We Have to Rebut this Vancouver Sun Article. No More “Cherry-Picking”
This statement: “(In Manitoba) vacancy control hasn’t had any discernible effect on new rental supply”, found in the above-captioned Vancouver Sun article, is classic “cherry-picking” and completely ignores the broader issues at play in that province and the many nuances of Manitoba’s rent control policies. Arguably, Manitoba has had the most regressive rent control policies in Canada for decades, and throughout that time it has been renters who have suffered with steadily deteriorating and inferior existing supply, and no discernible new construction because of said rent control policies. While they have continued to make “tweaks”, vacancy control is the cornerstone of their regressive rent control policies.
The recent “uptick” in new rental development in Manitoba, if you can call it that, is driven by historically low interest rates and land costs that are a fraction of what we see in Vancouver and many other jurisdictions. Combine these two critical factors with the fact that in Manitoba; (1) rent control does not apply to new builds for 20 years, (2) units with monthly rents above a certain threshold ($1510 for 2019) are excluded from rent controls, (3) Part 9 of their Residential Tenancies Act – Application for Rent Increases, has resulted in very robust above guideline increase activity, (4) they implemented a legislative change to at least permit annual increases to be tied to CPI, and finally (5) they have a program removing vacancy control on 10% of units in any building ever year (subject to a threshold of repairs being undertaken). That is why REITS and pension funds were finally able to have some degree of confidence that building new rental housing in Manitoba was not a complete bust. This is not to suggest that they are not hedging their bets because of the continued uncertainty around what rent control legislative shoe could next drop. This continuous uncertainty ensures that they are very cautious and will not over- build supply which, in many ways, further exacerbates the vacancy situation. Furthermore, out of necessity, what little they are building is hardly “affordable” rental because they need to aim for the higher end of the market to help mitigate their risk plus, most of these new units are not family friendly, again to mitigate risk. Is this what we want?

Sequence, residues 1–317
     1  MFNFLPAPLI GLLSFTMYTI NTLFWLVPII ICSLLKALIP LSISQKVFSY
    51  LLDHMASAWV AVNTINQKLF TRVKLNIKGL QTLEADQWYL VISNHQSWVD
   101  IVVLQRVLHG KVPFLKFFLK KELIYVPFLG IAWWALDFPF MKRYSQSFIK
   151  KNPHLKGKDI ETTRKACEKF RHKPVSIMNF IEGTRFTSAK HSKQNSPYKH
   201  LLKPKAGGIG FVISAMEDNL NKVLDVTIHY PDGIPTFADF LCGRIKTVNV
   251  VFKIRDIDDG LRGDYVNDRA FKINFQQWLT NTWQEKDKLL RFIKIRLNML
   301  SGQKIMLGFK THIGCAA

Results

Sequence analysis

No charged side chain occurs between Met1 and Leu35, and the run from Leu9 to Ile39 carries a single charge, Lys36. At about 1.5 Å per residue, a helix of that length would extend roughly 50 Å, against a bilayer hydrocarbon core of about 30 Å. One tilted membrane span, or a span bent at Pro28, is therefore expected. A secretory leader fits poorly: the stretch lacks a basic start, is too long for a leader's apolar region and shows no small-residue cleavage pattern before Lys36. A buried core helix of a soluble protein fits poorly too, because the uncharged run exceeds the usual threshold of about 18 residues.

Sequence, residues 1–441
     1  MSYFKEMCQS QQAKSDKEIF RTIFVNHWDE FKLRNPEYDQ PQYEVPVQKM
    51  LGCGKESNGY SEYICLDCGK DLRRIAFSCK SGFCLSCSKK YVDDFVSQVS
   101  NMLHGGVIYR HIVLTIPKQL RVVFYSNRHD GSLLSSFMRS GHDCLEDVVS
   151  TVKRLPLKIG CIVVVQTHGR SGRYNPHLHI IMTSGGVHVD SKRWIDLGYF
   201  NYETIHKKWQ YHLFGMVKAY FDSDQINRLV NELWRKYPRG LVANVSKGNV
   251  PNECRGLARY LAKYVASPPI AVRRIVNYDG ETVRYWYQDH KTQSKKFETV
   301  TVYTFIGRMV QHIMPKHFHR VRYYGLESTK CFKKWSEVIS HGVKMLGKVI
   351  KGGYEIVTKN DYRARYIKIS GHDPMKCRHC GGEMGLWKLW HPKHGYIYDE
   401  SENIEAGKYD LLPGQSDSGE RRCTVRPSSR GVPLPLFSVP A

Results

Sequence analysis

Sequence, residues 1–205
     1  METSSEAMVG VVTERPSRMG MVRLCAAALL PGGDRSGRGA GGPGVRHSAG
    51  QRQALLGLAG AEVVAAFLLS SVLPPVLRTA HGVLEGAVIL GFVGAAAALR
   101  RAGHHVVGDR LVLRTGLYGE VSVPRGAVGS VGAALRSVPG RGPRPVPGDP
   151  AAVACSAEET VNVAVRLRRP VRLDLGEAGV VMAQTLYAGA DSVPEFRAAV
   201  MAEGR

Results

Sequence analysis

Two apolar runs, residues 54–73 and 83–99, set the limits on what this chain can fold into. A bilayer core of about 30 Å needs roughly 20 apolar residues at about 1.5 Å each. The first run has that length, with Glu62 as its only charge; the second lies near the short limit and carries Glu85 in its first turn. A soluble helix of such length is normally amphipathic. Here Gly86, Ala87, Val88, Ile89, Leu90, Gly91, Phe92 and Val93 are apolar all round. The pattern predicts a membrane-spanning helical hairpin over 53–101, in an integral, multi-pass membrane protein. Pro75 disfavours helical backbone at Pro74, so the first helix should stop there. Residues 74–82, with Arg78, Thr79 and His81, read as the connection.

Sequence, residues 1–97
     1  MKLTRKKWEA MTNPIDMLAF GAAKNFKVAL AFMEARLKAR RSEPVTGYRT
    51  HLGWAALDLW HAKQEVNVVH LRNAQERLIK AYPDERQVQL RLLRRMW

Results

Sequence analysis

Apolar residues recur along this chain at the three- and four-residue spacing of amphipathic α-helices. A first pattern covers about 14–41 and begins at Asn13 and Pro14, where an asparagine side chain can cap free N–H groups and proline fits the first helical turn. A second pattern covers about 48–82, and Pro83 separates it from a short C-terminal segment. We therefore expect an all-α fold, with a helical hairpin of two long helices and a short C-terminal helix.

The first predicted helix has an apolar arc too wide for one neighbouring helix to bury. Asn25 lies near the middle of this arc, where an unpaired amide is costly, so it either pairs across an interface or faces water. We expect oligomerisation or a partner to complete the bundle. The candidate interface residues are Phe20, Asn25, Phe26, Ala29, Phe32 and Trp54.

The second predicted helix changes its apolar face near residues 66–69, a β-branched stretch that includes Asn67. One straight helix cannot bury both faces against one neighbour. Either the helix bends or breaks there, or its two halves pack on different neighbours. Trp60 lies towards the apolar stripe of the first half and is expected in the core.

Pointing to Manitoba’s rental legislation, and vacancy control in particular, as the “panacea” for British Columbia is full of folly, ignores the many other very significant factors that influence the tepid new rental development they are experiencing and, more critically, ignores the basic premise of supply and demand (which is why we have a rental housing crisis in Vancouver in the first place). We need to build more secure purpose-built rental housing in Vancouver and across Metro so that we can get to a balanced vacancy rate and provide housing options for current citizens, the 50,000 new residents coming to Metro each year, the record number of international students coming here, the 5,000 Amazon workers on their way in the next two years, and on and on and on. Our economic future depends upon it. Where are we going to house all these people if we don’t have a legislative environment conducive to building a ton of new purpose-built rental housing?